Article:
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How I Created A Real Life Lesson

How do you start project work? How do you incorporate standards into these projects? How do you control the chaos? These are the many questions I started with and hear often. Project work can be messy and difficult to start. Hopefully, this post will give you some tools to begin a project or find a way to weave standards into a project.

We (Brooke Daniel- a 1st grade teacher at my school) just wrapped up a huge project we started back in November. When I think back to how this project began, I can't believe this is where it took us. We dropped off our $1,332 of donations to the Dayspring Center last week. The adult volunteers were hopeful in the future as they witnessed five and six year olds helping others. It was a proud moment for this teacher. THIS is why I will continue to do this work with my students.


We started this project after we read the book Last Stop On Market Street. I posed the question, "How can we help others?" This book modeled how the grandma and young boy helped others by serving food at a soup kitchen. I love using books to launch a project or a question. It is an easy way to open discussion and use real life examples.

To start, we brainstormed ways to help others and then we voted on our top four choices. We dove deeper in each of these four areas. My class collaborated with Mrs. Daniel's class to vote and map out our grand ideas. This cross grade interaction has many benefits and can make things easier as 1st graders are great helpers and leaders to my kindergarten students.

I love looking back at this 'map' above. Many of these ideas we executed, but some did not end up as the students desired. We hit a roadblock with Habitat for Humanity, but we are still working on it. We didn't end up buying coats or giving out hot chocolate at a soup kitchen. This is how project work goes. It's important to remember that the students are leading this work. I thought serving food at a soup kitchen would be good enough. Their plans took us to an even greater end result. Our plans do not always line up with reality. Same as in life, we can plan and brainstorm a million things, but we often run into obstacles. This is a great way to tie in these life lessons, even as young as kindergarten.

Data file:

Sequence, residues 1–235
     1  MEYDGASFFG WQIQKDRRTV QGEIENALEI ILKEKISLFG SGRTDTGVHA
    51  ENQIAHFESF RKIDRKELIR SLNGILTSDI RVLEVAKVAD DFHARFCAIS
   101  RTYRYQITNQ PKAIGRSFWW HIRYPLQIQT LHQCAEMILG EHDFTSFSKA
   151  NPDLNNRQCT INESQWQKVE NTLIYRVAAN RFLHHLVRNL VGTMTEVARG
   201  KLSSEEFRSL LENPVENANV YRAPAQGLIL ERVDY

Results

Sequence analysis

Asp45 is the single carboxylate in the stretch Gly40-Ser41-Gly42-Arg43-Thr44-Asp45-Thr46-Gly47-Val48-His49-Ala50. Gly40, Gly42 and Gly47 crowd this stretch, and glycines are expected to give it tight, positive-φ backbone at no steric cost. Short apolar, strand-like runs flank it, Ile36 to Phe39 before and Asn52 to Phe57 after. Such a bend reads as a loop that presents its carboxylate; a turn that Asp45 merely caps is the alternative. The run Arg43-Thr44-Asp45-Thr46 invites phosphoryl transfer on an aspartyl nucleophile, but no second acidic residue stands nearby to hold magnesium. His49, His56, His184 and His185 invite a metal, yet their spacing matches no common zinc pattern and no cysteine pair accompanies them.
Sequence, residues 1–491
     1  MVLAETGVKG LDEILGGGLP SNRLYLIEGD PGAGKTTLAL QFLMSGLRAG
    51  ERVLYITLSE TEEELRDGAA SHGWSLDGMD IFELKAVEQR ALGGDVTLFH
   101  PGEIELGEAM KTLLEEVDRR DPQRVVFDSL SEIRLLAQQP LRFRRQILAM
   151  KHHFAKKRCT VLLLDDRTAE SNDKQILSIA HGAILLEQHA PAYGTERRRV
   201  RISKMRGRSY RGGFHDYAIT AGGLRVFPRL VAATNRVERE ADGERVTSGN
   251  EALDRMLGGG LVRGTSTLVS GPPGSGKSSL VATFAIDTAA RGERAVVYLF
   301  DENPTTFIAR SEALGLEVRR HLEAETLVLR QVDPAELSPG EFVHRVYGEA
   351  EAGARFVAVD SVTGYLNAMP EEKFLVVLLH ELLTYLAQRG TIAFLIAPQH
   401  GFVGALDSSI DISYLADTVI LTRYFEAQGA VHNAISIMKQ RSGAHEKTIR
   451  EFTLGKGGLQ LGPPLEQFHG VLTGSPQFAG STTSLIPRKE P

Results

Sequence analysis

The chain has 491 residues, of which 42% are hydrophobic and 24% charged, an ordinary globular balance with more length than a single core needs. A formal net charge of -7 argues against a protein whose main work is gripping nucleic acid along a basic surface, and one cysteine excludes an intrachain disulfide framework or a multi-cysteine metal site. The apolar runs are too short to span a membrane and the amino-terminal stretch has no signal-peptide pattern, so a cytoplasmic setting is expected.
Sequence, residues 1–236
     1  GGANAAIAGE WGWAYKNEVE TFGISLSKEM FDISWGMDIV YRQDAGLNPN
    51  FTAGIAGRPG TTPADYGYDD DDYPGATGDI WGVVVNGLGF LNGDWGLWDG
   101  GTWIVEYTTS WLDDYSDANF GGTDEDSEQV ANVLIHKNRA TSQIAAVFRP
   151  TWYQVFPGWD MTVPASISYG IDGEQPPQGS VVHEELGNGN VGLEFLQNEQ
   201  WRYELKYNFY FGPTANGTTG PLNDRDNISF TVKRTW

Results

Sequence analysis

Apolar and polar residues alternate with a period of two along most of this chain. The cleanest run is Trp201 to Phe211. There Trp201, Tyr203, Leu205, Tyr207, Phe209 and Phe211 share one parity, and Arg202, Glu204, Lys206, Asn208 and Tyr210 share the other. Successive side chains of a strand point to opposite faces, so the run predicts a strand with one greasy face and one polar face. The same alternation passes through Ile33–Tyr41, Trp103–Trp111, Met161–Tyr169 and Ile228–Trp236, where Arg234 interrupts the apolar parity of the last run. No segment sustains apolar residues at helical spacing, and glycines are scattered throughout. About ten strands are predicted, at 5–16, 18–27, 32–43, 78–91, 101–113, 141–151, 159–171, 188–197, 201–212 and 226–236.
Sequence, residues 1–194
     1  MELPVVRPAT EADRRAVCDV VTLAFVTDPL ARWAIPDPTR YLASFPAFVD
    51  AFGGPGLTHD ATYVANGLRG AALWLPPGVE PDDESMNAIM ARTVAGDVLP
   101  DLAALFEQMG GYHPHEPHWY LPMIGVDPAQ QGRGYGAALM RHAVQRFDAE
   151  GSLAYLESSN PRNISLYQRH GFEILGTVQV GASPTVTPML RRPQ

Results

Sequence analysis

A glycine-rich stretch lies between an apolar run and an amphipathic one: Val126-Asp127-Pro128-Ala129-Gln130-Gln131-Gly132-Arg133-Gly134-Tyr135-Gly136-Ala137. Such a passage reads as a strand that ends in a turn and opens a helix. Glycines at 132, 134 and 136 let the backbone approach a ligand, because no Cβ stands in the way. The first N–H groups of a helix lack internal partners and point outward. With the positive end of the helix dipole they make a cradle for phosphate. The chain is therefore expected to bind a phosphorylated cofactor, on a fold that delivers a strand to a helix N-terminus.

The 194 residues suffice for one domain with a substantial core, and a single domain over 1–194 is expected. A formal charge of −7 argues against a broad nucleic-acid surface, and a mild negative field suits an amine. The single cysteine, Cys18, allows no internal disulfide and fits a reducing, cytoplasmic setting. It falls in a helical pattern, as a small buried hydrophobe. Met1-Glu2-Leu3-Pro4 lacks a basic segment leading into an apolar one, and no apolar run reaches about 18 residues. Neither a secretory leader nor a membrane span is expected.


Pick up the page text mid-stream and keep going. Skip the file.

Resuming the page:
Our classes then discussed ways to raise money to buy coats and collect old toys. Our students came up with selling hot chocolate during lunch. They wrote a letter to the school (writing standards) announcing this fundraiser, made posters to promote, and solved problems along the way. Kindergarten and first graders raised $1,332! Just let your minds wrap around that. In kindergarten, we tied in standards like estimation and sorting money into similar coins and bills. We used those groups to count by 1's, 5's, and 10's.

We had our first grade friends dig deeper into local homeless shelters. They found the Dayspring Center and chose this place due to it helping homeless children. Did you know that there are only 2 homeless shelters in Marion County that keep families together? The Dayspring Center is one of these. They researched, read, and found the most needed items. This gave us a new direction. We discussed how these items might be more beneficial to them instead of coats.

My kindergarten class researched and compared prices (math standard) for each item we needed. We made a chart to show the items we needed and the different prices at each store. This was a great lesson on comparing. For kindergarteners, we looked at the dollar amount and discussed which price was more/less. Mrs. Daniel's class took our research and made a budget for us. They decided how many of each item we needed and how much money we could spend on each item. Then came the fun part.

We scheduled a night for parents and our students to go shopping for our donation items. We took over Target and my heart almost burst. The excitement was beaming from our kids. They got to see how their hard work and money bought all of these items for people in need.

We quickly scheduled a time to deliver these items to the Dayspring Center. We packed our bus to the rim with our donations and artwork piece. We literally had bags on our laps. After unloading our donations and having our students share our project, we got blessed by Ms. Janice and Ms. Monica, two of Dayspring's workers and volunteers. They poured words of encouragement and love into our hearts. Tears flowed and hearts warmed. It's hard to find words to match the joy and thankfulness of Ms. Janice and Ms. Monica. One thing that stayed with me was a comment from Ms. Janice,


"You can teach them math and you can teach them lessons like this that they can take into the real world."


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